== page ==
John Farris

FarrisJohn-authorphotoJohn Farris is an American author of horror, mystery, and suspense. His first novel, The Corpse Next Door, was published in 1956, followed by mystery and suspense novels alternately published under his own name and the pseudonym Steve Brackeen.  Farris has consistently produced novels almost every year since then, amassing a long and impressive bibliography.

Farris’s early success came from a series of books set at the fictional Harrison High, once a highly-regarded upper-class high school that’s suffered a fall from grace and now is populated by troubled kids in troubled times rife with crime, sex, and corruption. The six books in the series were spawned from what some reviewers have called the Juvenile Delinquent fiction era. My best guess is this trend was kicked-off by books like The Blackboard Jungle by Evan Hunter (aka Ed McBain) and street-gang novels. Maybe it even grew out of the success of The Catcher in the Rye. I admit I don’t know much about the sub-genre — just the books I noted above (does William Goldman’s The Temple of Gold fit here?) along with the early novels of Harlan Ellison.

I discovered John Farris’s work in my early teen years, when I bought 50-cent books off the rack in the back room of the Woodland Park Library.  More often than not, what I found there were gothic mysteries and romance novels, but occasionally some other stuff turned up. When Michael Calls caught my eye, so I picked it up and have fond memories of the novel. I later read Nightfall, Shatter, and Scare Tactics, which fairly well sold me on the idea that I really liked this guy’s fiction. It wasn’t until many years later that I read The Fury and All Heads Turn When the Hunt Goes By, which I tend to think are pretty important novels in the history of modern horror. Three of his novels have been made into movies, including The Fury, directed in 1978 by Brian De Palma, featuring a star-studded cast including Kirk Douglas and John Cassavetes (who also starred in Rosemary’s Baby) and Amy Irving (who also appeared in Carrie). Farris’s adaptation of The Fury was just one of several screenplays he wrote, including Dear Dead Delilah, which he directed in 1973.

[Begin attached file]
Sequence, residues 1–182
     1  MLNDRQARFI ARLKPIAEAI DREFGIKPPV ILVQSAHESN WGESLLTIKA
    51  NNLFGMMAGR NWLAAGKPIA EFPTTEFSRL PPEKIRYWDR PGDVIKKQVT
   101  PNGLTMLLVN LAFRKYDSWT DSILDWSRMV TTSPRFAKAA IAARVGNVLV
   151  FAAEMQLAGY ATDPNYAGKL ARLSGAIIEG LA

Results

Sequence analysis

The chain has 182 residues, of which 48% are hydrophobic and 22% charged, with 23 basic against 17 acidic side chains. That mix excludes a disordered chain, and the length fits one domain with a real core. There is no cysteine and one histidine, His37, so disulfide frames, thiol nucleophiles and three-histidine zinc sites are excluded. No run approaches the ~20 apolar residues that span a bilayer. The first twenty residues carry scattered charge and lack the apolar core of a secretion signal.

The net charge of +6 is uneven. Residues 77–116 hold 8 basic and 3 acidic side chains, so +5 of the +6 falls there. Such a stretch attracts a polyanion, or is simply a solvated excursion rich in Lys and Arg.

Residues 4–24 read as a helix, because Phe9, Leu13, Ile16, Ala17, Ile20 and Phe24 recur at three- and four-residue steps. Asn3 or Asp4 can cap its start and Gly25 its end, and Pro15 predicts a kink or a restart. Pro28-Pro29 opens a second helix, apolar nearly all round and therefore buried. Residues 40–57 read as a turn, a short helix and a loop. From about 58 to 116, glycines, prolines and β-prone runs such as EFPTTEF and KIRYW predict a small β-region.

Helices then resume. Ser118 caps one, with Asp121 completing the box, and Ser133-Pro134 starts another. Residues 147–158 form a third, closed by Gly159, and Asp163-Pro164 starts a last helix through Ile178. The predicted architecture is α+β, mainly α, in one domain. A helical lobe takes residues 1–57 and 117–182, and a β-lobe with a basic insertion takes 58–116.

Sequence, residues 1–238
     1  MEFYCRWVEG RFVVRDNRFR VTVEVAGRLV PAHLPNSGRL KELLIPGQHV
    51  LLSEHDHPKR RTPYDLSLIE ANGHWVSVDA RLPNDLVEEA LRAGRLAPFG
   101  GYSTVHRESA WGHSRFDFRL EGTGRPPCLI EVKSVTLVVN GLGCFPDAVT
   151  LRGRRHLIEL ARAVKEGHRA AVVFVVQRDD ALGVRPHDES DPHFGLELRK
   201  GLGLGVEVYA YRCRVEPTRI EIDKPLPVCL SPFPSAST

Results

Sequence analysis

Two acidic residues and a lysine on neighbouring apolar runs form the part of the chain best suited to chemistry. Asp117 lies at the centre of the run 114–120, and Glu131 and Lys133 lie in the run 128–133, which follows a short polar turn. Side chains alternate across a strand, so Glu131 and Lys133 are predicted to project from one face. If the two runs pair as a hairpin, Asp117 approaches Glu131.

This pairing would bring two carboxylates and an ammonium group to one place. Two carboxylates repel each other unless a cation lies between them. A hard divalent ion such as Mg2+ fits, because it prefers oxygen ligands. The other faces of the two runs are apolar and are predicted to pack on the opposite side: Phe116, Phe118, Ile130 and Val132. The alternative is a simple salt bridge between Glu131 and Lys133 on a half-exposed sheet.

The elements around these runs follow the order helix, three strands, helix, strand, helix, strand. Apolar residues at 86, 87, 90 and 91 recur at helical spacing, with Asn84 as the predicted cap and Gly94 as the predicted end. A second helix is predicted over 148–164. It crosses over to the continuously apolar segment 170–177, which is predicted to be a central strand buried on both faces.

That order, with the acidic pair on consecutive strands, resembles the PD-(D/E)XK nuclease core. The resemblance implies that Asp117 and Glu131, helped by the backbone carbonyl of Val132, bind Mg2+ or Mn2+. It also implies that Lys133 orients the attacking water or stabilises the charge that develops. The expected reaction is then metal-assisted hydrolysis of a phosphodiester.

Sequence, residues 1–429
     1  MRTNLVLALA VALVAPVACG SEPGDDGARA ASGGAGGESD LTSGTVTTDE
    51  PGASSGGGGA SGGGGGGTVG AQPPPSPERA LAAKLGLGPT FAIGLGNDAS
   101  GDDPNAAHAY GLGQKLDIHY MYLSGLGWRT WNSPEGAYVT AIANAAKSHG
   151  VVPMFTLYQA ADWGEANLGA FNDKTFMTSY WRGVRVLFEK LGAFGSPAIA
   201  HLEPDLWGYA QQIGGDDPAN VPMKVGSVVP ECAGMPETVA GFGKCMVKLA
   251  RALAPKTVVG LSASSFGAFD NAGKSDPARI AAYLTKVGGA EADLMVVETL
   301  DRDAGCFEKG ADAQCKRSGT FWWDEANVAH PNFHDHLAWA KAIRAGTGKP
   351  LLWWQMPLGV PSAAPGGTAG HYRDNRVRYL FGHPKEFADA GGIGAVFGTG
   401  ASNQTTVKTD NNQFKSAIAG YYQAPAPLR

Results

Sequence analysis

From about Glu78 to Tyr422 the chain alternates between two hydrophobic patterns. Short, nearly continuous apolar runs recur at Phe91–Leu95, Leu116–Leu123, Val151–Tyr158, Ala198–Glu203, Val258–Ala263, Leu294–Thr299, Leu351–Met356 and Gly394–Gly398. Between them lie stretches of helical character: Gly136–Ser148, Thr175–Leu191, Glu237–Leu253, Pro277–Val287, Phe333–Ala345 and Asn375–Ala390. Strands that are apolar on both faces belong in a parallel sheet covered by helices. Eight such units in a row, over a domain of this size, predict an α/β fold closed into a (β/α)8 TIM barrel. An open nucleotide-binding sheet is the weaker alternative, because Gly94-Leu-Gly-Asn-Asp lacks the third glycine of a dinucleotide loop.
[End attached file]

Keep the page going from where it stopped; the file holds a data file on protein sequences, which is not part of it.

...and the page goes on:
Farris was born in Jefferson City, Missouri in 1936. He was raised in Tennessee and attended Southwestern College, where he worked for two newspapers covering sports. He worked on a graduate degree in English at the University of Missouri. His Wikipedia entry says he also paints and write poetry. He currently lives in Atlanta, Georgia.

To view a list of John Farris novels currently available, click here.

Half of these scans were kindly provided by paperback collector David Dodd. The other half are from the library of author Christopher Fulbright.

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